Opportunities for Police Cost Savings Without Sacrificing Service Quality: Reducing Fuel Consumption (Research Report)
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Police vehicles burn a great deal of fuel while patrolling continuously. Various approaches have been proven to significantly reduce the amount of fuel used and its cost. Hybrid vehicles typically get two-three times higher mileage per gallon than conventional vehicles and have proven viable for policing, in many cities, including New York. Computers in vehicles that reduce trips back to stations, fuel-saving driving techniques (such as reducing idling), good vehicle maintenance (such as maintaining proper tire pressures), use of on-line reporting and other strategies such as community policing that require fewer vehicle trips also can reduce fuel consumption.
Opportunities for Police Cost Savings Without Sacrificing Service Quality: Reducing False Alarms (Research Report)
|Posted to Web: April 12, 2013||Publication Date: April 12, 2013|
In many cities, false alarms from home and business security systems number in the tens of thousands each year, waste millions of dollars of officer time, and detract from attention to reducing crimes. Options are presented on ways to substantially reduce the effects of such false alarms and the police responses to them. We analyzed experiences of Montgomery County, MD; Seattle, WA; and Salt Lake City, UT, which reduced false alarms by 66-90% and saved 10-30 police officer-years annually.
Transition from Prison to Community Initiative: Process Evaluation Final Report (Research Report)
|Posted to Web: January 07, 2013||Publication Date: January 07, 2013|
This evaluation of the Transition from Prison to the Community (TPC) initiative found improved collaboration among participating state agencies and their service provider partners and identified enhanced efforts to employ risk/needs assessments, assess program quality, and monitor performance. Developed and funded by the National Institute of Corrections (NIC), TPC provided states with support and guidance in preparing prisoners for release, facilitating their transition to the community, and overcoming barriers to reintegration.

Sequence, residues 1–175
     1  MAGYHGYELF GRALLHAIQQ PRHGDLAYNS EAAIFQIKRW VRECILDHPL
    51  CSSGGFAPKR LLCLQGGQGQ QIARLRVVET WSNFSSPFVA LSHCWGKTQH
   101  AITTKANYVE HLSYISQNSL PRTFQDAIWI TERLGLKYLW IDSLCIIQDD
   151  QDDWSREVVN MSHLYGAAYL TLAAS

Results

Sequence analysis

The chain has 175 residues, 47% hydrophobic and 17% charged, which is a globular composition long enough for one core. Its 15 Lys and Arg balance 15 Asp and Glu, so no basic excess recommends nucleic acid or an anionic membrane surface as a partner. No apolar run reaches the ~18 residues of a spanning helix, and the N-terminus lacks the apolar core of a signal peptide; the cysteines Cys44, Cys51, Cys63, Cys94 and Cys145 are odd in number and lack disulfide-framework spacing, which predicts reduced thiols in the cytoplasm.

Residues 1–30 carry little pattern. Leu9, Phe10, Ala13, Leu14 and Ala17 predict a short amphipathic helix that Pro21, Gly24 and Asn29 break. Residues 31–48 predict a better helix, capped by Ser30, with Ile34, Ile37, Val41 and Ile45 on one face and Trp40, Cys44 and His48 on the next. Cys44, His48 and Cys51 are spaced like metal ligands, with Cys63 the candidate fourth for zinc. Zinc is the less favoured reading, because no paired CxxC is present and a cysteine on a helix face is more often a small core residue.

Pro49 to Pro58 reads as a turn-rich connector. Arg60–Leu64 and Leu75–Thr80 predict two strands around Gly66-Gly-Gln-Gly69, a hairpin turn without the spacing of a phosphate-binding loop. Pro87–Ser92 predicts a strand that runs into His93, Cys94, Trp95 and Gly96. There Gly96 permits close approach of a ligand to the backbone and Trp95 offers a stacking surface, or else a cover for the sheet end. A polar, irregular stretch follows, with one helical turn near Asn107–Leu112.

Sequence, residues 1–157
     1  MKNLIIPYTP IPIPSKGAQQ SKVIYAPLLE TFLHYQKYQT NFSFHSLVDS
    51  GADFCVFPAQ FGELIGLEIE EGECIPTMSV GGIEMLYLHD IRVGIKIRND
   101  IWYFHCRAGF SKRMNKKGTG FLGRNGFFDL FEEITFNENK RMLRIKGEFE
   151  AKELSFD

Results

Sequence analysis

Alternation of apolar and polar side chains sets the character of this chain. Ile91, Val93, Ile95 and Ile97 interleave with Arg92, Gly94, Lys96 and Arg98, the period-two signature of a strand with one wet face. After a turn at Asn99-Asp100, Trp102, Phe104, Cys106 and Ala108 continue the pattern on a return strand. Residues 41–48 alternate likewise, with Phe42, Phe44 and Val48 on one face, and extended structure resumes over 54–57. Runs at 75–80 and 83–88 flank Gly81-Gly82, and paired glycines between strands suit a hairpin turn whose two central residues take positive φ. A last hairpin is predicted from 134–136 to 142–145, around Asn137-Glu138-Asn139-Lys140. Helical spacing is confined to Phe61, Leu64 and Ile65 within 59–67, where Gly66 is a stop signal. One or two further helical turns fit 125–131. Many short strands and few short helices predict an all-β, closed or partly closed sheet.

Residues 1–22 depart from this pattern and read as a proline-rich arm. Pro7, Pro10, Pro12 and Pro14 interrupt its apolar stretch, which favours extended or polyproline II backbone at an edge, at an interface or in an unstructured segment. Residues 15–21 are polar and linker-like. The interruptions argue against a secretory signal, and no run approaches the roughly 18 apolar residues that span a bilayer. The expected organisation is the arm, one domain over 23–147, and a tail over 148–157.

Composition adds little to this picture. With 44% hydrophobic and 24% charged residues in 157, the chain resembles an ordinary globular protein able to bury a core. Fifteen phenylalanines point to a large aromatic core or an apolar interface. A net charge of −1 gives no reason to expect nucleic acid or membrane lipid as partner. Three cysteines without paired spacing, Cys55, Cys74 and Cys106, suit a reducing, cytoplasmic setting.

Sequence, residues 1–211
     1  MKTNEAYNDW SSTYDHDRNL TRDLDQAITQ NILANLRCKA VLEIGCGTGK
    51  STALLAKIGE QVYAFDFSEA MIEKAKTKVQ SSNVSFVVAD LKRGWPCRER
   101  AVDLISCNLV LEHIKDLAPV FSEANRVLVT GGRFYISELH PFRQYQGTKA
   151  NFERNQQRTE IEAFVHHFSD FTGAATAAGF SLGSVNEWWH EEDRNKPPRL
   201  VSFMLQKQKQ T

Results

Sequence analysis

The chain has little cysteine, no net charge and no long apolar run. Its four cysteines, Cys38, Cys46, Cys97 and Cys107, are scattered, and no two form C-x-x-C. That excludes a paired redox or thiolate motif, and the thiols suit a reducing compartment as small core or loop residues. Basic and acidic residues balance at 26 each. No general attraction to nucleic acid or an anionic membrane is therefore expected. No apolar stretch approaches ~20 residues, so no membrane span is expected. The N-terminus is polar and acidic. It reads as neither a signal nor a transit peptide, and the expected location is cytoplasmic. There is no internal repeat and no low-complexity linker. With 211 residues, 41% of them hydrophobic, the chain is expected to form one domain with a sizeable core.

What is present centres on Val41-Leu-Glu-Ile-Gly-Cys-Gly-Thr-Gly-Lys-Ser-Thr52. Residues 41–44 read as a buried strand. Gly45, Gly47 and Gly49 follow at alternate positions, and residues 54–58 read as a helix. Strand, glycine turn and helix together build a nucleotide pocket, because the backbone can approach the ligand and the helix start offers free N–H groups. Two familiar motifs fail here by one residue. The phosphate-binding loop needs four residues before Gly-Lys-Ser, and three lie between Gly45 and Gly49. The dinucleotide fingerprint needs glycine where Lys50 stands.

Supportive Housing for the Disabled Reentry Population: The District of Columbia Frequent Users Service Enhancement Pilot Program (Research Report)
|Posted to Web: November 02, 2012||Publication Date: November 02, 2012|
Using qualitative and quantitative data, this report discusses the history, performance, and progress of the District of Columbia Frequent Users Service Enhancement Pilot Program, implemented by the Corporation for Supportive Housing. As a supportive housing reentry program focused on disabled individuals with histories of homelessness and incarceration, the program intended to provide housing and coordinate services for 50 "frequent users" leaving the city jail. Over the first year of operations, the program successfully identified and targeted more than a dozen frequent users and linked them to supportive housing through effective cross-system coordination. Policy implications of the evaluation findings are discussed.
Surveying the Field: State-Level Findings from the 2008 Parole Practices Survey (Research Report)
|Posted to Web: December 21, 2011||Publication Date: December 21, 2011|
Parole supervision is the key mechanism facilitating the return of prisoners to the community. To examine the current state of parole practice, the Urban Institute conducted a survey of parole supervision field offices. In this report, the authors examine survey results at the state level to supplement and extend the national-level analysis presented in the previously released An Evolving Field. This analysis provides a more nuanced view of parole practices and, despite differences in population and structure of justice systems, shows the varying strengths, weaknesses, and similarities across states.
|Posted to Web: September 23, 2011||Publication Date: September 23, 2011|
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